Goods and services tax (GST) is a tax of 10% on most goods, services and other items sold or consumed in Australia. If your business is registered for GST, you have to collect this extra money (one-eleventh of the sale price) from your customers. You pay this to the Australian Taxation Office (ATO) when it’s due.

Check if your business needs to register for GST

You must register for GST if:

  • your business has a GST turnover of $75,000 or more
  • your non-profit organisation has a GST turnover of $150,000 or more
  • you provide taxi or limousine travel (including ride-sourcing services like Uber, GoCatch, Didi or OLA) regardless of your GST turnover
  • you want to claim fuel tax credits for your business, regardless of your GST turnover

If you’re a non-resident there are special rules that may apply to you.

Otherwise, registration for GST is optional.

Register for GST (and other taxes)

If you already have an Australian business number (ABN), register for GST online through the Business Registration Service. You can use the same form to register for other taxes at the same time.

Don’t have an ABN yet? You can register for GST at the same time you register for an ABN.

Register for GST

If you’ve started a new business, you should register if you expect your GST turnover to reach $75,000 in the first year.

You have to register for GST within 21 days of becoming aware that your GST turnover will go over the threshold. It's a good idea to check each month to make sure you're not likely to go over the limit.

If your GST turnover is below the $75,000 threshold, you may choose to register. But if you do, regardless of your turnover, you must:

  • include GST in the price of most goods and services you sell
  • claim GST credits for most business purchases you make
  • lodge activity statements to report your total sales, GST on sales and GST credits

GST turnover is your business income (excluding certain sales), not your profit.

Say you run an online clothing store. If you sell $80,000 worth of clothes in a year, you’d have to register for GST. This is because your GST turnover is over the $75,000 threshold – even if you only make $40,000 in profit.

Head to the ATO website to work out your GST turnover.

You might be able to claim GST money back from the ATO.

If you’re registered for GST, you can generally claim back any GST included in the price of things you've bought for your business. These are GST credits.

If, for any tax period, your GST credits are higher than the amount of GST your business has to pay the ATO, you could get a refund.

Find out more on the ATO web page claiming GST credits.


Laura runs an accountancy firm and has just bought a new computer for the office. The computer cost Laura $1100, including GST. Because GST is one-eleventh of the sale price, Laura paid $100 GST.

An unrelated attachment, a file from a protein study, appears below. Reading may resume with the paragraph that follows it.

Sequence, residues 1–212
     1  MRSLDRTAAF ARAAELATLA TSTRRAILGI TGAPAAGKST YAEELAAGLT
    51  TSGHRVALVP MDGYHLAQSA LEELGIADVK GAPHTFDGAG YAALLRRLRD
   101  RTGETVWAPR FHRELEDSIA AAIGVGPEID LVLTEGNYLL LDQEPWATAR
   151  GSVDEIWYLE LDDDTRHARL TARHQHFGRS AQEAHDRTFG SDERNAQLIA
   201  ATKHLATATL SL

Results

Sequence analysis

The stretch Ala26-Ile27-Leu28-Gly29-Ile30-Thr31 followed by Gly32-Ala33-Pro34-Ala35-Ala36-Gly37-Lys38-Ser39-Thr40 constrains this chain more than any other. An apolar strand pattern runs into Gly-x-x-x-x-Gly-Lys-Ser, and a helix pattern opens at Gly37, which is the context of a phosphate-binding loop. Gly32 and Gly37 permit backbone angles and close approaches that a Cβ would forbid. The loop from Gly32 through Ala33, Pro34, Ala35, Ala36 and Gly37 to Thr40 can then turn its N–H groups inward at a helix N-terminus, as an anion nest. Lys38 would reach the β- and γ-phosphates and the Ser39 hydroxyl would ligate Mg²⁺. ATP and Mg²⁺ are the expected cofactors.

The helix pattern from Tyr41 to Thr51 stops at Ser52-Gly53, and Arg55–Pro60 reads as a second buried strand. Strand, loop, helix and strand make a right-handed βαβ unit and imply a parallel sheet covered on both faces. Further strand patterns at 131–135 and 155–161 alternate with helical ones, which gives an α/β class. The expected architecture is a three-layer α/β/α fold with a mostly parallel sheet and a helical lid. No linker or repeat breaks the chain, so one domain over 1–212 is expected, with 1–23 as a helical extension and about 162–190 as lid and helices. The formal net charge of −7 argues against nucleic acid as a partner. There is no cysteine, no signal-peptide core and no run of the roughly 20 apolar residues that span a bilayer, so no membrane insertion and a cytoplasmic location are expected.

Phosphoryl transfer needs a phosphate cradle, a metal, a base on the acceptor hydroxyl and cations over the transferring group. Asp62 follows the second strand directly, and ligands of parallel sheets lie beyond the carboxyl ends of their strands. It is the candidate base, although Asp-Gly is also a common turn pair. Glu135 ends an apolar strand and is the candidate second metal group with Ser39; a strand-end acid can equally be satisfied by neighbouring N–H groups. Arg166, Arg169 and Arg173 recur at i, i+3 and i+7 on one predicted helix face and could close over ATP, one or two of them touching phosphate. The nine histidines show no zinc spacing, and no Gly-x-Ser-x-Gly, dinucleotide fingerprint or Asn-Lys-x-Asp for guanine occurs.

Laura is registered for GST because her business’s GST turnover is more than $75,000. She is able to claim GST credits for the GST that was in the sale price of her computer ($100).

If you’re registered for GST, the invoice you issue to a customer must be a tax invoice. Tax invoices are different to regular invoices. They include the GST amount for each item (or state that the total price includes GST), along with some extra details.

For your customers to be able to claim their full GST credits, make sure you format tax invoices correctly.

Find out more about tax invoices, including how to correctly format them.

If you haven’t registered for GST

If your GST turnover is under $75,000 and you haven’t chosen to register for GST, you don't include GST in your prices. Any invoices you provide need to show that GST was not included. You also can't claim GST credits for your business purchases.

If your business has an aggregated turnover (your business’s turnover and the turnover of closely associated entities) of less than $10 million, you may be able to get the following GST concessions.

Accounting for GST on a cash basis

This means that you can account for GST and claim GST credits within the tax period when you actually are paid or pay a supplier, rather than based on when the invoices are received.

Paying GST by instalments

You can pay GST by instalments each quarter. These are based on what you or the ATO estimates your GST liability to be. You can vary this amount each quarter.

If a purchase is for private use as well

For a business purchase that you intend to use partly for private purposes, you can:

  • claim a full GST credit
  • make a single adjustment to account for the private use percentage at the end of your income year

This is known as annual private apportionment of GST credits.

See the ATO's GST Governance and Risk Management Guide for checklists on assessing your GST compliance.

GST applies to most retail sales to Australian consumers of imported:

  • services
  • digital products (including movies, apps, games and e-books)
  • goods worth A$1000 or less.

If your overseas business has a GST turnover of A$75,000 or more, you must register for GST.

Consider whether you need to register for GST if you operate an app store or website (electronic distribution platform) for the sale of imported services or digital products.

Find out more on the ATO website about GST on imported goods and services.

There are other options. You can register for GST:

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